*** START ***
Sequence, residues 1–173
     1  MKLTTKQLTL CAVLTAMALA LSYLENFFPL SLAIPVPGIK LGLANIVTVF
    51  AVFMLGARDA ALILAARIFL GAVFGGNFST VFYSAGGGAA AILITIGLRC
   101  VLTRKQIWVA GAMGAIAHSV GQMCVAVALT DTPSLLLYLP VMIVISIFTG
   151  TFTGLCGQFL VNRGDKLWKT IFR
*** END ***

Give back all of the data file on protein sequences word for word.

Sequence, residues 1–173
     1  MKLTTKQLTL CAVLTAMALA LSYLENFFPL SLAIPVPGIK LGLANIVTVF
    51  AVFMLGARDA ALILAARIFL GAVFGGNFST VFYSAGGGAA AILITIGLRC
   101  VLTRKQIWVA GAMGAIAHSV GQMCVAVALT DTPSLLLYLP VMIVISIFTG
   151  TFTGLCGQFL VNRGDKLWKT IFR